It is a Saturday night, and you are out with two of your favorite friends on campus, just having a good time and enjoying life. A few drinks, some laughs, a pizza, and texting random friends with random thoughts. Maybe a drive to get some more beer…and suddenly everything in your life changes for the worst and it all happens in a flash. One minute everyone is laughing and talking and the radio is loudly reminding you of your favorite artist, and the next someone is in the emergency room with a life-changing injury or worse.
This is a real scenario. Each year thousands of teens are seriously injured, even killed, due to America's problem with underage drinking and driving. From injuries that require lifelong rehabilitation and serious quality of life changes to death, this senseless tragedy can easily be prevented by knowing the facts about underage drinking and driving in the United States to avoid DUI arrests, injuries, criminal records, fatalities, property damage, and more.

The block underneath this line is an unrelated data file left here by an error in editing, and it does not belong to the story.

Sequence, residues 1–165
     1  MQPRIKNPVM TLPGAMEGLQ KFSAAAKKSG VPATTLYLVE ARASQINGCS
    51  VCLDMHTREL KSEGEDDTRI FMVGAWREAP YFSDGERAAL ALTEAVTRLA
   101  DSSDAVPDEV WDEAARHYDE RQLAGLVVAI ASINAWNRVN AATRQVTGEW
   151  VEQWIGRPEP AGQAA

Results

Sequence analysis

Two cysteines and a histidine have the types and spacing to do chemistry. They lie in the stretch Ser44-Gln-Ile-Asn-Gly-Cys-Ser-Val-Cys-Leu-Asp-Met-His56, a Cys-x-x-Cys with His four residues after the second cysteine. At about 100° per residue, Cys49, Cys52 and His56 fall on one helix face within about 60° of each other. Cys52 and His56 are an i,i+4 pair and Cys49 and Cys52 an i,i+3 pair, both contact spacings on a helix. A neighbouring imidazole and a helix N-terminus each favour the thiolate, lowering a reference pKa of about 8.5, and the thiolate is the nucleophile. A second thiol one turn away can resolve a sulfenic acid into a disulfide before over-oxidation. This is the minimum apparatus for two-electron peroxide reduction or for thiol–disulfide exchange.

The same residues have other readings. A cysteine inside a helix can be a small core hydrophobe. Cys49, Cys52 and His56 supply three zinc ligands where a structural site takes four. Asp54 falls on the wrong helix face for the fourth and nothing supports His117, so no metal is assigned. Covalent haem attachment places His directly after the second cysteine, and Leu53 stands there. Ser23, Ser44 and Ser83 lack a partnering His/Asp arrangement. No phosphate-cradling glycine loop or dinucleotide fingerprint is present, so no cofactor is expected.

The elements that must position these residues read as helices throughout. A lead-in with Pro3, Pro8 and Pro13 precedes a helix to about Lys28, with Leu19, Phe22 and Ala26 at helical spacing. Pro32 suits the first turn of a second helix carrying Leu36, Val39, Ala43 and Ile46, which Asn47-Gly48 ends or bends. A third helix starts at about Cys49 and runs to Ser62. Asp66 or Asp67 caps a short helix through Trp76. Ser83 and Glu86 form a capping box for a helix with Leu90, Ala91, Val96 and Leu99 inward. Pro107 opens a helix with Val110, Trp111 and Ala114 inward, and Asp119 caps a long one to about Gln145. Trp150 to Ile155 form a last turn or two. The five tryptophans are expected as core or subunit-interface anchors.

Fact #1: It is against the law to drive under the influence of drugs or alcohol. This is true whether you are sixteen or sixty, and it is never a good idea to take a ride after you have been drinking or while you are under the influence of certain medications. If an officer observes unsafe driving practices, or the same are reported to the police, you could be arrested and asked to perform field sobriety tests.
Fact #2: It is a crime to give alcohol to someone under the legal drinking age. In the United States, you cannot consume alcohol if you are under the age of twenty-one. If you, or someone you care about, give alcohol to a minor, it could be a reason for a separate offense. The minor consuming the alcohol could also get in a lot of trouble, especially if he or she drives afterward.
Fact #3: Being underage will not get you any special considerations from a judge, and could cause even more problems than a first offender over the legal drinking age. There are many sentencing options that deal with the types of penalties that each convicted offender receives, and these are known as aggravating factors. Being a minor is one such factor, and could create additional fines, longer loss of driving privileges, or separate charges.